Different configurations of the internal support frame and component support frame along with associated support attachment holes may be utilized to support varying types of electrical components. For example, the component support frame necessary to support telephone switching equipment may differ from that used to support a main distribution panel. However, the exterior configuration of the segments remains the same, permitting the linking of modular segments. Further, the support frame may hold various component support frames of different sizes. Further still, components may be directly mounted on the support frame without the use of the component support frame.
The electrical distribution center may be constructed utilizing an efficient methodology that may reduce costs. A customer specifies the types of electrical components that are needed to support a particular facility under construction or remodeling. The specifications for the electrical distribution center are transmitted to an offsite facility for construction of the electrical distribution center.
The specified electrical components are ordered from the various manufacturers for delivery to the offsite facility. Preferably, the components are ordered without the back box, chassis, and trim provided by the manufacturer such that the components may be easily installed into the support structure of the segments.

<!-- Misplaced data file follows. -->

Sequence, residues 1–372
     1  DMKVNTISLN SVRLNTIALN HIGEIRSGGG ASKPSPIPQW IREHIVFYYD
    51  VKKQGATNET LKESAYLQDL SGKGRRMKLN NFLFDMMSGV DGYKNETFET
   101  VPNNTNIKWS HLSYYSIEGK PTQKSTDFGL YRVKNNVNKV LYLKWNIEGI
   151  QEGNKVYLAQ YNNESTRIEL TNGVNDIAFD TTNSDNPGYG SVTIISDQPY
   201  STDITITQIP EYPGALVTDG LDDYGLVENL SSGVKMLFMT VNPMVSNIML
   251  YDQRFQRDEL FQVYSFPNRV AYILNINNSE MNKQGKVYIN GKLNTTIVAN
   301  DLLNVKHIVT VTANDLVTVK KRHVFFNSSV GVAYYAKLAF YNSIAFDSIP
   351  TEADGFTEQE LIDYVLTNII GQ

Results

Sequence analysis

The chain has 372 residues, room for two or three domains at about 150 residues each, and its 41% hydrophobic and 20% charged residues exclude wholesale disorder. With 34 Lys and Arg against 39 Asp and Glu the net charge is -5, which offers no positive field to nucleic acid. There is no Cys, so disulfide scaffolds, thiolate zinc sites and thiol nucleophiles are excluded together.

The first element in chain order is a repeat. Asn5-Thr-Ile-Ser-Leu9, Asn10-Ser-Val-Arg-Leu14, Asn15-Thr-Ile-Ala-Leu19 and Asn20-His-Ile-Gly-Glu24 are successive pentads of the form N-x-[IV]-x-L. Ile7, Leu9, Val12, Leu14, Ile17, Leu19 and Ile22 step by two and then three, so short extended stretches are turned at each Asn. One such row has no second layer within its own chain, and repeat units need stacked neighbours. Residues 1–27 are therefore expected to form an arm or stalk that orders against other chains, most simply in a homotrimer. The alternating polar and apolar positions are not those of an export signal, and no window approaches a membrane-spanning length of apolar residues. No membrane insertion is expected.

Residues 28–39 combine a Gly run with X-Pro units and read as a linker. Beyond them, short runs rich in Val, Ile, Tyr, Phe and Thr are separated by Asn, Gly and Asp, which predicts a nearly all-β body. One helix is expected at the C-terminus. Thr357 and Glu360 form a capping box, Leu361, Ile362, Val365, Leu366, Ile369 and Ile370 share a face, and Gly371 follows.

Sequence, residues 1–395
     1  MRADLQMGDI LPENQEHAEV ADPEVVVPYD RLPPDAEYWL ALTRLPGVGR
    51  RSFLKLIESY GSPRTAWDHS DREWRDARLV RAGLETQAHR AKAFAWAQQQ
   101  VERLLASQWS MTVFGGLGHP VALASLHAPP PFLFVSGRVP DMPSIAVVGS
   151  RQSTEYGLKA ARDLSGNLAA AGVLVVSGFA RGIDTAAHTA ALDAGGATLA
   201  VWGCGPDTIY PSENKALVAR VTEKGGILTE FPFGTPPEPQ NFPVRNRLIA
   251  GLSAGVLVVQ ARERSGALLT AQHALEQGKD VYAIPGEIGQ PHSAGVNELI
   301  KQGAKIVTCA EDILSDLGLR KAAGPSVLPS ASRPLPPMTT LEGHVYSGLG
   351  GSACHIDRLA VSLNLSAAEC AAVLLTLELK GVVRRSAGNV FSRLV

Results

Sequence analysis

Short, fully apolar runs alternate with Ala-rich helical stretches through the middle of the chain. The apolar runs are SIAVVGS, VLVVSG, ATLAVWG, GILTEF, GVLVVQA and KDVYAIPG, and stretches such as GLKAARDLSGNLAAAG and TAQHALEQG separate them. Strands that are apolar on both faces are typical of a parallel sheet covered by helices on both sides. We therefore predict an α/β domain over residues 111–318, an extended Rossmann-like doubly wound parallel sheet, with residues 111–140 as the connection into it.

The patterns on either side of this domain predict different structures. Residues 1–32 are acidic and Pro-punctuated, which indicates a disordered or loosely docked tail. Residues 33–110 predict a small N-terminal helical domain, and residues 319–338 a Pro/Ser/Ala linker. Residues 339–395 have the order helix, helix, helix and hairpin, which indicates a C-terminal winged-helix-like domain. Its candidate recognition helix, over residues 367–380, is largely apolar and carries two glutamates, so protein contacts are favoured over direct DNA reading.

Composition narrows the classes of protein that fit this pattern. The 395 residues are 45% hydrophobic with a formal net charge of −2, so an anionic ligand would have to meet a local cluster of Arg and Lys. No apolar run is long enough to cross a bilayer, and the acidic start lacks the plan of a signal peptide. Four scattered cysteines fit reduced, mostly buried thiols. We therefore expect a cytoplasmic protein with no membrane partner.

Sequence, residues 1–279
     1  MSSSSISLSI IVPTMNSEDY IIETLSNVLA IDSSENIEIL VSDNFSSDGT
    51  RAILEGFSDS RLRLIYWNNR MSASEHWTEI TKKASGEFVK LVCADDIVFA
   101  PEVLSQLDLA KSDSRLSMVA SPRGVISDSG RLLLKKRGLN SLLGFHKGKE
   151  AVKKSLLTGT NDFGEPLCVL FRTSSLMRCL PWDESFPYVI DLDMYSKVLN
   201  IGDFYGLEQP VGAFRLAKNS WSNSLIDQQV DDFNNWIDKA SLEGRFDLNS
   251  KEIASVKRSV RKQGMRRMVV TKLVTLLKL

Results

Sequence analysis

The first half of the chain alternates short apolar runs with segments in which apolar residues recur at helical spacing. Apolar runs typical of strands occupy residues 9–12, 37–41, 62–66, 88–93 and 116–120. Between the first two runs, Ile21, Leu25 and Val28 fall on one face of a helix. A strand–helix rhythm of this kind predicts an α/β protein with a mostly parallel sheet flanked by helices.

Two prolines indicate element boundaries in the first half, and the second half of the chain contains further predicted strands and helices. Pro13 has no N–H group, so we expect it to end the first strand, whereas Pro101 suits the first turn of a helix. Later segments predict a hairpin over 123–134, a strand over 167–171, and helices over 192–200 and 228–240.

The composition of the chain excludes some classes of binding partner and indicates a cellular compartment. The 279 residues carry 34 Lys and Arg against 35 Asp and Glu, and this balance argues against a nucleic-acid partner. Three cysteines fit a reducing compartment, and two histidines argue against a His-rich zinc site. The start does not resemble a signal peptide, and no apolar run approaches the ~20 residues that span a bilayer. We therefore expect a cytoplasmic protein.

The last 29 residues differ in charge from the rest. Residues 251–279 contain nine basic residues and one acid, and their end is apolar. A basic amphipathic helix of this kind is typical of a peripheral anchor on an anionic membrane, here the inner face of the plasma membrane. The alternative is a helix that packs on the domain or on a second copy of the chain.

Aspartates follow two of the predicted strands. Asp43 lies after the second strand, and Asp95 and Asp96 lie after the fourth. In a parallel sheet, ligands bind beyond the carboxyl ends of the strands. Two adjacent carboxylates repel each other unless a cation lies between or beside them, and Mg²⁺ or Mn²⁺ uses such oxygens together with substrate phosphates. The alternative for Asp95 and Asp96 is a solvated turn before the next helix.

The components are then installed into one or more segments. The number of modular segments used depends on the number and type of components making up the electrical distribution center. For example, four panelboards may be installed into one segment, while a single main distribution panel is installed into another segment.
Once the electrical components are installed into a number of segments, the individual segments may be linked to one another to form the electrical distribution center. The electrical components housed within electrical distribution center are wired together completely or to the extent possible.
Finally, the assembled electrical distribution center is transported as a complete unit to the construction site for installation. The robust structural design of the segments, in particular the frame, facilitates lifting and transport of electrical distribution center. As described above, the electrical distribution center may be lifted without the addition of additional structural supports, and transported to another site on a flat bed truck.
Installation at the construction site may include mounting the electrical distribution center to a floor or wall using anchor holes and associated anchoring the hardware. Other methods of anchoring the electrical distribution center are also known. Finally, the electrical distribution center is connected to the electrical systems at the facility being built or remodeled. The pre-wiring of the electrical distribution center before transport facilitates the installation of the electrical distribution center at the facility.